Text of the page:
“My sister called the police on her boyfriend this weekend because they got into ANOTHER fight, and she got a restraining order.  She just told me today that she dropped the order and let him back in the house.  It must not be as bad as she says if she’s letting him come home two days later, right?”



So very, very wrong.  But a very common misconception.  Even police officers are confused when they are respond to a domestic violence call where one person has clearly been assaulted, but doesn’t want a restraining order.  But it happens all the time.  Women who come to the courthouse to get a 7 or 10 day restraining order never return to extend it, and the order is terminated.  Or they may get the order they want (say, 6 months or a year) and are suddenly, uncharacteristically, coming into amend the order to include communication or requests that they previously wanted to make sure were NOT on the order.  Most people think it’s because she exaggerated the night of the incident, or it couldn’t have been that bad, or someone was lying in order for an abuser and a survivor to end up back together after an assault.

Maybe this person we’re hypothetically talking about is your older sister, Mom, Aunt, or even Grandmother.   People on the outside of the situation don’t always know the truth, but most likely, no one was lying about what happened.  She was in fear for her life.  She did think a restraining order was the best way to keep her partner away.  She was acting quickly and in the interests of her safety, her home, her children…in whatever way she needed to maintain protection of her life and the lives she cares about.  But what isn’t always visible to those outside of the relationship is what goes on when he gets out of jail…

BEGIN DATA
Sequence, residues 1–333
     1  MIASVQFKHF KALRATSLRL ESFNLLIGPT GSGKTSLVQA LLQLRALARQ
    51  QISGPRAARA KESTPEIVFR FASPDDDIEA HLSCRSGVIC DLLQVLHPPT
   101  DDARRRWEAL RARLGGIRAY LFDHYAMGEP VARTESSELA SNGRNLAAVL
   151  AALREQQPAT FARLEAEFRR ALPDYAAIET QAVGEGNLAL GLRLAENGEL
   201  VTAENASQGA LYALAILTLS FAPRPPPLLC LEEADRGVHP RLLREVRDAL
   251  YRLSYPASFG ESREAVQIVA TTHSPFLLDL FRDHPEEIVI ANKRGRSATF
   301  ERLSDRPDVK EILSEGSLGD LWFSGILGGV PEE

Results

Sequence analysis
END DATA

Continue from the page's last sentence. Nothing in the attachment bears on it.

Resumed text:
He might be threatening her in a way that doesn’t make her feel like the police can protect her (or sometimes, he might even be a member of law enforcement, which can make it especially difficult for victims to seek their help, knowing everyone on the force knows her boyfriend/husband).  He might have told her he was going to stop paying for the car she uses that’s in his name, or the utility bills in their home that he’s responsible for.  We’ve seen many times where an incident occurs in the home and the abuser is removed, but his name is on the lease/mortgage so he stops paying or contributing for the home,  as a way of coercing the survivor to let him back in and have a place to live.  Or sometimes he uses the children to send messages to their Mom that they’re going to lose the house/car/etc unless she lets Dad back home to help pay the bills and ‘keep them safe.’

For anyone who’s grown up in a home with domestic violence, you know that it’s not safe and that even if you’re not a direct target of the abuse, the yelling, swearing, slamming things, and living in constant fear are traumatic and do affect you and your future relationships.   Sometimes the choices we have to make in these situations are hard, and are short term solutions to a problem that needs more planning, time, and preparation to solve.  Leaving a situation of intimate partner violence (especially if there are children involved) is far more difficult than packing a bag and moving in with a friend.  It’s anxiety provoking, dangerous, and often very uncomfortable.  Next time you wonder why someone who’s in an abusive relationship drops a restraining order, lets her partner move back in, or continues to communicate with them even when they’re not supposed to, think about it from all sides.  And be supportive, not judgmental when talking with this person, as she may be going through SO much more than you realize.

-IH Teen Counselor

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